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The interior expresses the early-17th-century fashion for double-pile plans with principal ground- and first-floor rooms sharing a spine wall for fireplaces. The present entrance hall and dining room may originally have been combined as the hall. Beyond the spine wall to the rear of the house would have been the great parlour and, facing the front door, the magnificent surviving main stair (Fig 7).

Fig 3: The neo-Jacobean hall screen. Boston Manor, Brentford. Photo: Will Pryce for Country Life

One of the chief wonders of the house is the way in which it preserves so many layers of decoration. These chart the changing face of the interior over two centuries. The decoration of the Jacobean staircase balustrade, for example, is repeated in contemporary trompe l’oeil on the walls, a conceit that occurs at Knole, Kent, a few years earlier. The lower treads are walnut and the landing has a floor of the same wood laid in a diamond-chequer pattern, like parquet. This seems advanced for the 1620s, so may be late 17th century.

Emulation of Court fashion by the London merchant class is also evident in the magnificent ceiling plasterwork of the state drawing room, formerly the great chamber, on the first floor (Fig 2). This bears the date 1623 and Mary Reade’s initials. Geometric fields of enriched ribs contain strapwork, cartouches and medallions with allegorical representations of Peace and War, the five Senses, the four Elements, the Theological Virtues, Time and Plenty (Fig 4). The Elements derive from 16th-century prints by Gheeraerts. Other motifs—as art historian Anthony Wells-Cole has discovered—are drawn from the work of Frans Floris and the elaborate chimneypiece derives from a set of engravings of scenes from the life of Perseus by Abraham de Bruyn. Here, however, the central medallion presents the Sacrifice of Isaac after a print by Egbert van Panderen, in place of Andromeda’s rescue. The same engravings were the source of overmantels at Charlton House, Greenwich, east London (1607–12), the house intended for Prince Henry.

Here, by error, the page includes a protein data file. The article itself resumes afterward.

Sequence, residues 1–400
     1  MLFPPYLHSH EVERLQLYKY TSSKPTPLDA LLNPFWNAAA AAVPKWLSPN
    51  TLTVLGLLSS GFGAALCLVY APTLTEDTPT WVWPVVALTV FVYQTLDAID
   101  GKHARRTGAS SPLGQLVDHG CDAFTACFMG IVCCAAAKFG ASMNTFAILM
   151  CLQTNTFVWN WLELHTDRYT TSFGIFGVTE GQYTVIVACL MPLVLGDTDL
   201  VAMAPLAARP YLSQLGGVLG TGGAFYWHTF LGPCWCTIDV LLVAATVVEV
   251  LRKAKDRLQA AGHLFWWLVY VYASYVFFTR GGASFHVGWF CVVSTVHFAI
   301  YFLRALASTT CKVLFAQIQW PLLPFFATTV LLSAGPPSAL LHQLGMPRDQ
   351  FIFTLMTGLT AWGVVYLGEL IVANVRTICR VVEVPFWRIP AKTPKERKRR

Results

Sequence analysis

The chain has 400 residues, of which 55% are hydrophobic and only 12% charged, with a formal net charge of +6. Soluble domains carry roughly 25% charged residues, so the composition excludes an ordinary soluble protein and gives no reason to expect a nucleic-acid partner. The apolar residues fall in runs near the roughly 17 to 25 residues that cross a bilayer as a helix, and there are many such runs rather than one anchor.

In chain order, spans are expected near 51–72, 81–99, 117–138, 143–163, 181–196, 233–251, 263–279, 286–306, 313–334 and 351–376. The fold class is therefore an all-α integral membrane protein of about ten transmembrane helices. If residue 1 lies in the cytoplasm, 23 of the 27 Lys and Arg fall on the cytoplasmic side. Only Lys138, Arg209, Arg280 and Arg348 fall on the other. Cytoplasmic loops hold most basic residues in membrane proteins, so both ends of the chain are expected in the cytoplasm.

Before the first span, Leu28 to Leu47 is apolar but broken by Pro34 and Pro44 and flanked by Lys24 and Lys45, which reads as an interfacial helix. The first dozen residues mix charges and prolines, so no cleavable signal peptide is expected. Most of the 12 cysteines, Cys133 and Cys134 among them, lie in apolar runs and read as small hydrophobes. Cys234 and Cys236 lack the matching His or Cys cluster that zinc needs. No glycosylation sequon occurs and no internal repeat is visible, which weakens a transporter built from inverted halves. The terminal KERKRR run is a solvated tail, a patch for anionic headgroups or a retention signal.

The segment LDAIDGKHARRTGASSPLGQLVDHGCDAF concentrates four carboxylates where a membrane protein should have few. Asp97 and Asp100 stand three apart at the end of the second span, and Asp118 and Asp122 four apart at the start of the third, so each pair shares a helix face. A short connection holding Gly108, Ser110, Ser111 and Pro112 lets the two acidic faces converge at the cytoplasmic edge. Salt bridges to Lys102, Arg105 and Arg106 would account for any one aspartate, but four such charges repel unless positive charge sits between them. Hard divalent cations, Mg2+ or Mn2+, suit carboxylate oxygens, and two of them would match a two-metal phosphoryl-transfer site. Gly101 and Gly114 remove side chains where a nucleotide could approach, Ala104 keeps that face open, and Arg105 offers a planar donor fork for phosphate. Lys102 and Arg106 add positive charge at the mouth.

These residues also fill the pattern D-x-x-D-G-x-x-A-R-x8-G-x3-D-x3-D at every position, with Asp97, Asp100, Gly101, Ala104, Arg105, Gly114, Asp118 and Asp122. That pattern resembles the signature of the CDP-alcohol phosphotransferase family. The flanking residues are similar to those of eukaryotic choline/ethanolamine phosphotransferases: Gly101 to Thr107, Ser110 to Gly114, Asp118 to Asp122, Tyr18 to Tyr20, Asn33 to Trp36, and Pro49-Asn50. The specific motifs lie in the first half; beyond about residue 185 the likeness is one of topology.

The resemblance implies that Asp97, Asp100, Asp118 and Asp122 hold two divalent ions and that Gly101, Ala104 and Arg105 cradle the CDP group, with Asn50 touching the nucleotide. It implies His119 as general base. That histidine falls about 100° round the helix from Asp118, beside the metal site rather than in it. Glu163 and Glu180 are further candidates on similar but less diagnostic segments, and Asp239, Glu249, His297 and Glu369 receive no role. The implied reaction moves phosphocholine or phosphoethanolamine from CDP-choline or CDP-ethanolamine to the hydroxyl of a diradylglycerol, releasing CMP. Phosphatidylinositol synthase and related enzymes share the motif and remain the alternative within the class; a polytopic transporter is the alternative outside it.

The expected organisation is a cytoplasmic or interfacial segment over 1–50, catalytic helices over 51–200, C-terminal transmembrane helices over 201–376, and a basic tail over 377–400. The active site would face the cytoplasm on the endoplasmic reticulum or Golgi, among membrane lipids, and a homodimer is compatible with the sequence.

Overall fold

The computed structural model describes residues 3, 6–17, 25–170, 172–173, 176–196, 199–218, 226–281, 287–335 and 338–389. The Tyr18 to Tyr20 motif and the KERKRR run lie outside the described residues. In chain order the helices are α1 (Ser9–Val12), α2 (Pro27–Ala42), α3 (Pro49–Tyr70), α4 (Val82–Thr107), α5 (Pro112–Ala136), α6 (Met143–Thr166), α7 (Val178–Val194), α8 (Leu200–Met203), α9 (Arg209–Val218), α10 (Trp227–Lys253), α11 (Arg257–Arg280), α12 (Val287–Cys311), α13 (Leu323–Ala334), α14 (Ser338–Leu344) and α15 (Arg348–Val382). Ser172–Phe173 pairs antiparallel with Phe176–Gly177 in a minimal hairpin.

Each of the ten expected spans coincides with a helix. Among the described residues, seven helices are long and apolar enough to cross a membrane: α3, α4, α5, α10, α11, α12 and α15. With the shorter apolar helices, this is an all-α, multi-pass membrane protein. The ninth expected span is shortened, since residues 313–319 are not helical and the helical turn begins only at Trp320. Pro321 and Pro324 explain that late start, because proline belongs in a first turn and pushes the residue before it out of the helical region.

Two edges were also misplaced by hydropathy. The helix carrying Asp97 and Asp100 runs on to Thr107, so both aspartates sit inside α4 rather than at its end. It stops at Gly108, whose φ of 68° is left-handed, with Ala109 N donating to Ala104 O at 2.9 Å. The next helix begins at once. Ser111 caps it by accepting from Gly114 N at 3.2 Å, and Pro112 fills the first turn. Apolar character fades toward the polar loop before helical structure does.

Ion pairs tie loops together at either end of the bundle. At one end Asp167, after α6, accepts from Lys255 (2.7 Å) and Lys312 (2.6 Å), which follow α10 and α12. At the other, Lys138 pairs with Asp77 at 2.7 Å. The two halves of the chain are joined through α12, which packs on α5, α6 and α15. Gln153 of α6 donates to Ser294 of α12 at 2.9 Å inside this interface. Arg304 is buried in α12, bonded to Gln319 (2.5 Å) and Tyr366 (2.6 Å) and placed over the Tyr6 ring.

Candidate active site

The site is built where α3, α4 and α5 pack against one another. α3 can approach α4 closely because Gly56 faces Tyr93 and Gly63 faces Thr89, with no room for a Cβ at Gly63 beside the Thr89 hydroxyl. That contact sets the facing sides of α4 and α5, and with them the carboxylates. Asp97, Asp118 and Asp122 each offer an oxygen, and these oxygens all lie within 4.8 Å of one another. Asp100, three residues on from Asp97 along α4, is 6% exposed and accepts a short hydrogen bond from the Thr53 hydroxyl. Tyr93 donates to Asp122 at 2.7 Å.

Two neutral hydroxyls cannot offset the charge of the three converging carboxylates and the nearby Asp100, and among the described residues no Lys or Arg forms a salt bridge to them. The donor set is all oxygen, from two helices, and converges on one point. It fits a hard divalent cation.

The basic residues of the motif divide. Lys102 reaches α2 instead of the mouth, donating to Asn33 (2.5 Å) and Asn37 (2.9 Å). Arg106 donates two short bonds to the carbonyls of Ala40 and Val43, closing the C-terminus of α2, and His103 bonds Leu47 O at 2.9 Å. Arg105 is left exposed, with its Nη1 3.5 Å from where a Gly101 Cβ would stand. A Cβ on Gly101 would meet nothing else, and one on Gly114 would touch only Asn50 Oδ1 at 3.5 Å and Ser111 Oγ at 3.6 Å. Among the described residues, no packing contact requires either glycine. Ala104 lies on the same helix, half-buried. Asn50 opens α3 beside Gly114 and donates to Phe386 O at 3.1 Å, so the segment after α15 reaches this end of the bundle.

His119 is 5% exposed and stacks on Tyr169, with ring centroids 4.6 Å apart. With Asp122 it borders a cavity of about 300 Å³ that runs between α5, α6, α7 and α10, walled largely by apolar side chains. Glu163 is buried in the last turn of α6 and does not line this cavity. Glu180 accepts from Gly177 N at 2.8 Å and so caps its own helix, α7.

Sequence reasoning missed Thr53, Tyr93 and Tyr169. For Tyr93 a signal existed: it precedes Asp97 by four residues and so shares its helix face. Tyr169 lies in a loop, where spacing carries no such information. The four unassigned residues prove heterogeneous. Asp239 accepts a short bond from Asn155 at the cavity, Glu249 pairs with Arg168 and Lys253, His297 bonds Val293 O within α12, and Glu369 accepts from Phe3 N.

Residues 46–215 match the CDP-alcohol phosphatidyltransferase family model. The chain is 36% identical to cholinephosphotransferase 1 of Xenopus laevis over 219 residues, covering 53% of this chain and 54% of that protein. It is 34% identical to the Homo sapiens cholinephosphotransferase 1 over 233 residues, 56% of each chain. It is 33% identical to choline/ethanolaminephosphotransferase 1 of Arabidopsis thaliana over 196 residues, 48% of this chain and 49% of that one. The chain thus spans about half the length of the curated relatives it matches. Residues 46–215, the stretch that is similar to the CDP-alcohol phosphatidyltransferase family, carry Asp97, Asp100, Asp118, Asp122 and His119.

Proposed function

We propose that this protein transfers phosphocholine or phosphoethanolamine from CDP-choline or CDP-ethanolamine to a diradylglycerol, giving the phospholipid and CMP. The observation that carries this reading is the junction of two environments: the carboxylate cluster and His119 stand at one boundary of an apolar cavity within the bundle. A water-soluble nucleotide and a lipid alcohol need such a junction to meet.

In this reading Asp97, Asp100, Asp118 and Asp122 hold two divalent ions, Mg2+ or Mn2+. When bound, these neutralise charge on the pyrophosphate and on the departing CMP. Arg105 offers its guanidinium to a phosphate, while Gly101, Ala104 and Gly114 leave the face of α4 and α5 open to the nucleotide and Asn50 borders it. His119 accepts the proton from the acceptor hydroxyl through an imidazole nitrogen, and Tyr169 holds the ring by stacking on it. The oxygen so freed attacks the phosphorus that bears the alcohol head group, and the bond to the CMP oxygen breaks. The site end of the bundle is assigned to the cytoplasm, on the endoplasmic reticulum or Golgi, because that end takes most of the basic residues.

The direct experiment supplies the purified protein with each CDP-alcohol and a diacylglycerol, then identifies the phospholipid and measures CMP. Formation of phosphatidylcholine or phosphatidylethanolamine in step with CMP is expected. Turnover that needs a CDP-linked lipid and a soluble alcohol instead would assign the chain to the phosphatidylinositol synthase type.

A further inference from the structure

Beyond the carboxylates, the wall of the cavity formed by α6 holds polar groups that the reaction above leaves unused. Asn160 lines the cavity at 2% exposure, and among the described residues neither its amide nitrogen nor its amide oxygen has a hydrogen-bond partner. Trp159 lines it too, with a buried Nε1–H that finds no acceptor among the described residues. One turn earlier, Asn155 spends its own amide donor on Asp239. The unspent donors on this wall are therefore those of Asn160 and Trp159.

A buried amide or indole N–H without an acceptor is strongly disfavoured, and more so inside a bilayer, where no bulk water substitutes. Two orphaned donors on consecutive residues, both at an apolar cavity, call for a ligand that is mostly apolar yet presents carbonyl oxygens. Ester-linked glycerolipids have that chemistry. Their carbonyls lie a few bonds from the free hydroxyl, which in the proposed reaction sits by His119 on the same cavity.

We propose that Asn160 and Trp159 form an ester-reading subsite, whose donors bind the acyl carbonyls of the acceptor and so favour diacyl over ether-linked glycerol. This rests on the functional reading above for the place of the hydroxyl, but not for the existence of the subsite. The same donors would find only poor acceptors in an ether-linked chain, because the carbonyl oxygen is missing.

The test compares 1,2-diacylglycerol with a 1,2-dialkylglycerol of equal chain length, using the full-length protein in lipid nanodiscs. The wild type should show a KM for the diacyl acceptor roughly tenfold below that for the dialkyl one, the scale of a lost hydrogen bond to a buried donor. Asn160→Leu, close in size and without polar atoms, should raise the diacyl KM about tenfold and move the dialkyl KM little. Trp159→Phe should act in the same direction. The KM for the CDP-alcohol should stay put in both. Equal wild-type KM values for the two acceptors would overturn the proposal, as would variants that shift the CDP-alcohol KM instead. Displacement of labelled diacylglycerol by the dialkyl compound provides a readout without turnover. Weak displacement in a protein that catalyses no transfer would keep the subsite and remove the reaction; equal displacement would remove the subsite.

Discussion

In the 19th century the mouldings and borders of the great-chamber plasterwork were ‘picked out in red, and the Latin names of the subjects in gilt letters’; this was by George Hawksley of Grays Inn Road, who extensively redecorated the interiors in 1847. The 1960s redecoration was also highly coloured, but now returned to a correct off-white. How the walls were treated originally is unknown, but the refurbishment has given this room a more definite 18th-century character, with panelled dado and silk damask hangings of dazzling blue, made by Humphries Weaving.

Fig 4: Detail of the state-bedchamber ceiling. The figure of Peace is identified by an inscription in the border above her head. Boston Manor, Brentford. Photo: Will Pryce for Country Life

A panel has been made in the silk, which opens to reveal surviving Victorian flock wallpaper beneath. This is probably the material referred to in Hawksley’s bill as ‘22 pieces of crimson and green… flock’ (and beneath which has been discovered a fragment of yet earlier flock wallpaper). The style suggests it is one of Thomas Willement’s designs. Furniture sold from this room in 1922 has been copied by A. T. Cronin, with blue damask upholstery and checked case covers, and the appearance given of a room of parade, well suited to its future purpose as a general function room.